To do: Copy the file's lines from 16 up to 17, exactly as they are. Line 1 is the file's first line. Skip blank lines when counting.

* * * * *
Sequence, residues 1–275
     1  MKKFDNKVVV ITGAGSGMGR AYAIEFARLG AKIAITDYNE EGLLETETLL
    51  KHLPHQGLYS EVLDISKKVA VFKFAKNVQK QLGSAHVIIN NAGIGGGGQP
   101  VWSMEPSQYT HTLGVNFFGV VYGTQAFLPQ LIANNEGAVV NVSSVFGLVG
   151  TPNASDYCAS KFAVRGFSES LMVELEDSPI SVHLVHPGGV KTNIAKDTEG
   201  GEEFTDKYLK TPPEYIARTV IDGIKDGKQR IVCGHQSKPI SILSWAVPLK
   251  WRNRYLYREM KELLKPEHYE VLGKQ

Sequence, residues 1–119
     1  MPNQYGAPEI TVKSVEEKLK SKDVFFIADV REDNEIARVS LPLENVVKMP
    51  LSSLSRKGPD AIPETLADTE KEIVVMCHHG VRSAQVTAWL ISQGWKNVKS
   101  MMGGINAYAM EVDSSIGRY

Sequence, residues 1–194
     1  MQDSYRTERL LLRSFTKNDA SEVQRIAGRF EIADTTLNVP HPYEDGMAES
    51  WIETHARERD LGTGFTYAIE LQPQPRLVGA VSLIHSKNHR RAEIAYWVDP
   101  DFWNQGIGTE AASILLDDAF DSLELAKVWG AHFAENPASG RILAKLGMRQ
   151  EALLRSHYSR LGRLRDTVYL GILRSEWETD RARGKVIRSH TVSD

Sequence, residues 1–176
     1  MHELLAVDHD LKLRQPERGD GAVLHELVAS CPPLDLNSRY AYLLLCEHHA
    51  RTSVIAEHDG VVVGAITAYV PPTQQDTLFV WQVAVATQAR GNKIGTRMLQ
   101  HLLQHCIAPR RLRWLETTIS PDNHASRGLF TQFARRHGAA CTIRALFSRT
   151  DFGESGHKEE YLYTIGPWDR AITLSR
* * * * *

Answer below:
   151  EALLRSHYSR LGRLRDTVYL GILRSEWETD RARGKVIRSH TVSD

Sequence, residues 1–176